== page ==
[I (= Toomas Karmo) am this Lent working through the Passion as narrated in the John's Gospel. One of the printed resources I am using in my small Lenten project is Jean Vanier's meditative, para-poetic, book, Drawn into the Mystery of Jesus through the Gospel of John (Toronto and Mahwah, New Jersey: Novalis, 2004; further particulars on the author and his book may be had from https://en.wikipedia.org/wiki/Jean_Vanier and http://www.worldcat.org/title/drawn-into-the-mystery-of-jesus-through-the-gospel-of-john/oclc/892517848). I would recommend this book to my readers. I hope that the copyright-law doctrine of Fair Use allows me here to quote a couple of brief extracts. In quoting, I have tried - subject to the possible vagaries of the blogger software on the side of the Web servers, and of browsers on the side of Web downloaders - to retain Jean Vanier's typesetting. In his specialized typesetting, Jean Vanier uses line breaks akin to the line breaks of poetry, thererby seeking to establish and define a particular meditative rhythm.]
[First, from chapter 23, headed "The King of Love in Chains", comes Jean Vanier's suggestion regarding Peter's state of mind in the courtyard of Annas, as Yeshua ben-Joesph undergoes an informal preliminary interrogation. Peter has just uttered the first of his three disavowals - mendaciously denying, in response to a question from one of Annas's servants, that he, Peter, is a disciple of Yeshua ben-Joseph. I underline the bits where Jean Vanier points to a central theme in pastoral theology, namely the intrusion of the "Me-me-me, the Great Me". As I presume is known to most spiritual directors in most faith traditions, intrusion of the me-me-me marks the onset of spiritual death. One might recall, in connection with that mode of dying, Walter de la Mare's poem on Napoleon's 1812 retreat from Moscow: What is the world, O soldiers?/ It is I:/ I, this incessant snow,/ This northern sky; / Soldiers, this solitude/ Through which we go/ Is I.]
What has happened to Peter?
Is he afraid of being arrested by the troops?
Or is it something deeper than fear?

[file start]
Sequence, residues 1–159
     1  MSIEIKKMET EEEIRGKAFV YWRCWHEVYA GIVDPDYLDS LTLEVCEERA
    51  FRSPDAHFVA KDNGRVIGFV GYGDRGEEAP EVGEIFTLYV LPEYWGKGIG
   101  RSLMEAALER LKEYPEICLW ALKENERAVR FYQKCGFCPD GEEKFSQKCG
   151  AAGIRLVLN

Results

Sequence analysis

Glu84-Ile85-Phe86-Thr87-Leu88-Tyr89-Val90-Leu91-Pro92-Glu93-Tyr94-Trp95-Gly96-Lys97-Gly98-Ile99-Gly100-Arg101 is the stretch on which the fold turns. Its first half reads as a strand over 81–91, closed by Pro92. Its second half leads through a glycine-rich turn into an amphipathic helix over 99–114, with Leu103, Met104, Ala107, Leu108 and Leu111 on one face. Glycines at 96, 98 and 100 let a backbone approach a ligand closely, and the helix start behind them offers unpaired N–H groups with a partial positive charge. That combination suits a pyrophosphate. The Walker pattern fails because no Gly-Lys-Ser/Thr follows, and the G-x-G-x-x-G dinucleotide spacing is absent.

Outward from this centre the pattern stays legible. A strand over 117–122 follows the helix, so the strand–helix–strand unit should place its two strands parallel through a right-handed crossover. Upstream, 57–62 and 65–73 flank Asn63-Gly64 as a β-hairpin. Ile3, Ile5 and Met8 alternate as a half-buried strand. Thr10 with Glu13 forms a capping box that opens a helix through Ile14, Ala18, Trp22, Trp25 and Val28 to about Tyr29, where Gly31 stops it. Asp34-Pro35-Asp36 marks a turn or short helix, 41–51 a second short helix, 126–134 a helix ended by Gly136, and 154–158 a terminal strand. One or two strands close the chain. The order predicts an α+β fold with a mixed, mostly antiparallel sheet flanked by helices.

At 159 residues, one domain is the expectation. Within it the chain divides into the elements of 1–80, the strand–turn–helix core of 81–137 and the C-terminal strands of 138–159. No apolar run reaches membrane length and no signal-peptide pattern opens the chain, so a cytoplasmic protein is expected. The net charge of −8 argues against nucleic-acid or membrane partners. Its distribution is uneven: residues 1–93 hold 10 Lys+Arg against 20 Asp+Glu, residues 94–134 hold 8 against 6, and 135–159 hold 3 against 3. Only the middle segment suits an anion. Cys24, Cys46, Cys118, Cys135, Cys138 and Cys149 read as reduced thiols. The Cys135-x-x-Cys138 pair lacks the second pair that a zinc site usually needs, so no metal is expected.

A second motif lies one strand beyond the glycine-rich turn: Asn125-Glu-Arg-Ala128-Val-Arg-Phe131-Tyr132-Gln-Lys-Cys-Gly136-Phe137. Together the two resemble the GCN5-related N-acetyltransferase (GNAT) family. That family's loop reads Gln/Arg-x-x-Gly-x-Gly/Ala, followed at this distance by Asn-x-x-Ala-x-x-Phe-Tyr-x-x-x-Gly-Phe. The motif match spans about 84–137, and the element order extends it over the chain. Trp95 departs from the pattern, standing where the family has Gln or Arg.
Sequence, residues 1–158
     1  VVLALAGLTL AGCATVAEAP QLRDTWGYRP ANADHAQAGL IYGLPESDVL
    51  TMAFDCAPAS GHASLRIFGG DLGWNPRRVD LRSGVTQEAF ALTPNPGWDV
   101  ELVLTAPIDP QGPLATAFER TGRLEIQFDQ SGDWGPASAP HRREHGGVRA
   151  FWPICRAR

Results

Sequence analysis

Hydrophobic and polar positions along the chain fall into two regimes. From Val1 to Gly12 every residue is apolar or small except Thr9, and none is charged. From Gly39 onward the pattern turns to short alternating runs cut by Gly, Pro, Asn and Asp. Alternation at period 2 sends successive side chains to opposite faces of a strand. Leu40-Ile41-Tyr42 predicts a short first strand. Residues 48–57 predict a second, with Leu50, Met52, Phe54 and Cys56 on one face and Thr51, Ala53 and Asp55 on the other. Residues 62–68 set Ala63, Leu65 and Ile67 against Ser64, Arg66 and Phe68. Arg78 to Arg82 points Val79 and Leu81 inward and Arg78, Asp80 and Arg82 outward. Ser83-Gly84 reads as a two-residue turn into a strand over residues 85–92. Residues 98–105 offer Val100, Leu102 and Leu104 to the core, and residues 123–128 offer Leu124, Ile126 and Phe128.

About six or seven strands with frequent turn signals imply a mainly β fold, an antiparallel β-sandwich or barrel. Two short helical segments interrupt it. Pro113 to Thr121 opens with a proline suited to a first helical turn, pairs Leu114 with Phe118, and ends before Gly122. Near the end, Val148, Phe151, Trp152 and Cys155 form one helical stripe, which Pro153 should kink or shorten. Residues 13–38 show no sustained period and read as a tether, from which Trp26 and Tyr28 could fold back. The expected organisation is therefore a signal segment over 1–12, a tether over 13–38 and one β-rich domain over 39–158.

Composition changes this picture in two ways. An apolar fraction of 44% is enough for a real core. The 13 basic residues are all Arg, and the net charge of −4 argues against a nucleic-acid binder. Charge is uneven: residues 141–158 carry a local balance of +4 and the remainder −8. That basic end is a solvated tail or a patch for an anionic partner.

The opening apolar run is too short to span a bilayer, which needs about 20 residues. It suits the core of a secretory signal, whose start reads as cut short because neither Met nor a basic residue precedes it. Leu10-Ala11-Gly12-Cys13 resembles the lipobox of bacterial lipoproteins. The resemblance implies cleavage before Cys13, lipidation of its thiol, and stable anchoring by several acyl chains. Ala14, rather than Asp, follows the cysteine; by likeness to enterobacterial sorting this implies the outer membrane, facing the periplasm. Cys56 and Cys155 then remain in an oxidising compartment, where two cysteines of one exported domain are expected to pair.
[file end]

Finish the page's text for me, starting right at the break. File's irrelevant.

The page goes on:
Maybe he is going through a kind of breakdown.
He has left everything to follow Jesus
and given his whole life to be with him.
No doubt people in his village had warned him:
"Don't follow that man.
You will see, it will all end badly as it has in so many other cases."
And now, look at Jesus, weak and silent.
He cannot be the Messiah!
Peter believed that the Messiah he had been following
was a man of power who would liberate Israel,
force the Romans to withdraw
and renew the dignity of his people.
Hadn't Jesus raised Lazarus from death?
Wasn't he the victorious King, the great One,
the "One who was to come"?
That was Peter's idea of the Messiah, his ideology.
That is what he wanted and expected for himself,
since Jesus had chosen him to be with him
and share in this same wondrous power.
Now Jesus has lost all power.
He is bound in ropes, dragged away, to be tried like a criminal.
He accepts to be powerless.
Silent, he refuses to speak or to defend himself!
Why doesn't he defend himself?
Peter cannot stand it.
How can the Messiah be weak?
Peter feels cheated, angry and upset.
He is plunged into a terrible disappointment and feelings of despair.
He could not accept Jesus, powerless, washing his feet.
He does not want to be a disciple of this weak Jesus, a weak Messiah!
He is not just denying Jesus
but denying also all that he has seen, heard and lived
during those years with him.
He is denying his own self and his own experience!
That is why he has lost his identity.
[Just after this passage, Jean Vanier, having made a section-break, continues as follows:]
Each of us risks not wanting the real, living Jesus,
Son of God and Son of Man,
wanting only the Jesus of our own imagination
[This is the end of the current blog posting.]